“Fish in the hands of a skilled cook can become an inexhaustible source of gustatory pleasures.”
~Jean-Antheleme Brillat-Savarin

I'm always looking for food recipes where I can get Mr. S.'s kidlets interested in food, so imagine my delight when both kidlets expressed an interest in what I was cooking last Wednesday. What drew their interest to my fumbling in the kitchen? Banana leaves. They were enamored with the idea of cooking with them. Although banana leaves can be found at pretty much any Asian market in South Sac, for two kidlets growing up in the suburbs and eating mainly mainstream American food; the idea of cooking with banana leaves seems exotic. So once I had the sauce whipped up, I enlisted their help in wrapping up the fish in the leaves. Now if you've never cooked with banana leaves before, they're great for steaming or grilling fish. The leaves keep the fish moist and tender. Now while cooking, the leaves impart a green tea-like wafted about making the kitchen smell wonderful!

Thai Fish Baked in Banana Leaves ( from )
Yield: Serves 2-3


• 2-3 fillets fish (I used fresh pink snapper from Oto's)

• 1 pkg. banana leaves (if frozen, thaw for at least 1/2 hour)


• 1 shallot

• 2 cloves garlic

• 1 thumb-size piece ginger, sliced

• 2 tsp. ground coriander

• handful of basil leaves

• 2 Tbsp. fish sauce

• 1/2 can good-quality coconut milk

• 2 kaffir lime leaves, snipped into slivers with scissors, or 1 tsp. lime zest

• 1 fresh red chili, sliced & seeds removed

• 1 tsp. chili powder

• juice of 1/2 lime


1. Place all marinade/sauce ingredients in a food processor and process well.

2. Place fish fillets in a large bowl and add 1/2 the marinade. Reserve the rest for later.

3. Slather the marinade over both sides of the fish, then let it sit in the refrigerator 10 to 15 minutes.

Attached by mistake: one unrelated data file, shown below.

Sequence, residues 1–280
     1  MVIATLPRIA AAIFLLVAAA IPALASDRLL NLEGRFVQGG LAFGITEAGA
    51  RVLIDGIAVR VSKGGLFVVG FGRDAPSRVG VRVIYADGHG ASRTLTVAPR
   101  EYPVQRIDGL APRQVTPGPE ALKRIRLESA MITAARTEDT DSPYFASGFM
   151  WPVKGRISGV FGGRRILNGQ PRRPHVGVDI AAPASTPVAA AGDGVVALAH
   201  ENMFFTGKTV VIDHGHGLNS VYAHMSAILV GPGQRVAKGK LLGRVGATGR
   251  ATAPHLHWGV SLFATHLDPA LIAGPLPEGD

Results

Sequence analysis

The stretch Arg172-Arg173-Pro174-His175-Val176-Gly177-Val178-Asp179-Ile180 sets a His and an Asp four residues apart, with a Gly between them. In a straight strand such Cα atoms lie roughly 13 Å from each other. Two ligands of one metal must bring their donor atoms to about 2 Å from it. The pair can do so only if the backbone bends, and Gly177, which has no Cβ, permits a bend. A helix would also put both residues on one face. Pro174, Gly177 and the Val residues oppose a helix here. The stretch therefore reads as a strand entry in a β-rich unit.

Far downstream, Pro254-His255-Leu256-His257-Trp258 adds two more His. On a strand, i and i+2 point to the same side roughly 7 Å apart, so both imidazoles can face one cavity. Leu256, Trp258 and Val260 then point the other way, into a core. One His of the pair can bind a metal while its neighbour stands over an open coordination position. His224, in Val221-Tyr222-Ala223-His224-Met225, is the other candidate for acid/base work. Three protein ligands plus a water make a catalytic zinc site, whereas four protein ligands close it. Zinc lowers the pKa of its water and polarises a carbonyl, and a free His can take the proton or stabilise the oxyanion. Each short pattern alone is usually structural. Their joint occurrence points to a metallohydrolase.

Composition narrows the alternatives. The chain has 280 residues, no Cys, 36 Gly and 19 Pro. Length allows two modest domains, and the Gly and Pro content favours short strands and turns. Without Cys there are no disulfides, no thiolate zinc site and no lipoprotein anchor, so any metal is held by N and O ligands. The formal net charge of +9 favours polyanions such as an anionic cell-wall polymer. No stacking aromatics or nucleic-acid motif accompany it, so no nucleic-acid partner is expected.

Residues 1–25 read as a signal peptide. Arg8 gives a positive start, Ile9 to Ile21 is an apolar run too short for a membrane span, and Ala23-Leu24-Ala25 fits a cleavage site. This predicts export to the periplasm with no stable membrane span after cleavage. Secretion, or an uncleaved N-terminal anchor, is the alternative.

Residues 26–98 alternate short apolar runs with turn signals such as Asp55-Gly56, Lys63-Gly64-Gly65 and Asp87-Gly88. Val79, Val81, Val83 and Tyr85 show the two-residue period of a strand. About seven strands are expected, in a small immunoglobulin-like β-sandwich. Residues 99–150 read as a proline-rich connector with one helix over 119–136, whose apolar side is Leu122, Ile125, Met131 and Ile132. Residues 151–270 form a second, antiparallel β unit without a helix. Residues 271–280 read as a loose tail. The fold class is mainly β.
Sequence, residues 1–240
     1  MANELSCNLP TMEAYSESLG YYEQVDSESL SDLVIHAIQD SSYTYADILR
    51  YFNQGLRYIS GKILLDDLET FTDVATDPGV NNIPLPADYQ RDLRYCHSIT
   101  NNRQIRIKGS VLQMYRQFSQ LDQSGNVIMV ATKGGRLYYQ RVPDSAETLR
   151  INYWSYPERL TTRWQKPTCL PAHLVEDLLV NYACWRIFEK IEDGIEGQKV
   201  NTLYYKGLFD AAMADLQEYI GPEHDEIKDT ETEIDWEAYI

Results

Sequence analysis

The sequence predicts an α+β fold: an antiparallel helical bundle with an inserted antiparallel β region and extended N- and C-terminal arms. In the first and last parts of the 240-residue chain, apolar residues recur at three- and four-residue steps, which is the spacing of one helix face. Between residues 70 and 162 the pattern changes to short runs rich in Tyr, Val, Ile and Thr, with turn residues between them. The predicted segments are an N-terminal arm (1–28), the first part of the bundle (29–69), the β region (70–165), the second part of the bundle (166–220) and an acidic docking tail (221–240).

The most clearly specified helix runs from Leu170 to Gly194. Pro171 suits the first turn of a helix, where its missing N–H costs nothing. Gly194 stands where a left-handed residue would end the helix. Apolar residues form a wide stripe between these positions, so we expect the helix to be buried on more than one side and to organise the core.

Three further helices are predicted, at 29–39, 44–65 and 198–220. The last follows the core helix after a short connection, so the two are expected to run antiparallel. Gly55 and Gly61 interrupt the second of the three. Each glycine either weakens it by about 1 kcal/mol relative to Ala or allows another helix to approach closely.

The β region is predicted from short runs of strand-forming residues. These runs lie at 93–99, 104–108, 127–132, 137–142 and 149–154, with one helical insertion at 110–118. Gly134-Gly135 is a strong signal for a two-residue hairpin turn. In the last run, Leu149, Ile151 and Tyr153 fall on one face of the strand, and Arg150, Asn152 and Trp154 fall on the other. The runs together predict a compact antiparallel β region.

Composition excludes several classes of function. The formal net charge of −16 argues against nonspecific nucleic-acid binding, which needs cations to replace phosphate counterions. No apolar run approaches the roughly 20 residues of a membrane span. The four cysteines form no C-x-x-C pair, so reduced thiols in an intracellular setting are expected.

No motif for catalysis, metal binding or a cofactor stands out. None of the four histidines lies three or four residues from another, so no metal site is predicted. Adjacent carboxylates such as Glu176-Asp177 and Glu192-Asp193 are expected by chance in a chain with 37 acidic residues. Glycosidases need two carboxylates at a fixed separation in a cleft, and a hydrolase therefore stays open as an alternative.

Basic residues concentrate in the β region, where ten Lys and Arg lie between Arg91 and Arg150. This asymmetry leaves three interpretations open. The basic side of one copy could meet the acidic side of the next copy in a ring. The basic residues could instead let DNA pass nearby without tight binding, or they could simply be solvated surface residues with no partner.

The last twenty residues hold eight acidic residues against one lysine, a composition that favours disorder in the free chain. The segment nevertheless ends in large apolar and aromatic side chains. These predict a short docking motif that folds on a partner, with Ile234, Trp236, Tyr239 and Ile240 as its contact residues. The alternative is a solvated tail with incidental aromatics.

4. When fish is done marinading, spread a banana leaf approximately 1 foot square on a working surface (you will have to cut the leaf). Place one fillet in the center of the leaf.

5. Fold both sides of the leaf over the fish, then fold both ends to create a square "packet". Turn it seam-side down to keep sides from opening (or secure with a skewer, like I did). Do the same for the other fillets.

6. Place packets in a glass casserole dish or pie plate (to catch the drippings in case packets leak) and bake for 15 min. at 350 degrees, or longer depending on the thickness of the fillets.

7. After 15 minutes, open one of the packets. Insert a fork into the center of the fillet (the thickest part) and gently pull back. If inside flesh is opaque and no longer transparent, the fish is cooked. If not, return to oven for another 5-10 minutes.

8. Over low heat, warm up the reserved sauce/marinade.

9. To serve the fish, scoop several spoonfuls of rice onto the side of the fish. Spoon some of the sauce over the fish, then add a sprinkling of basil and/or garnish with diced red/yellow/green bell peppers.

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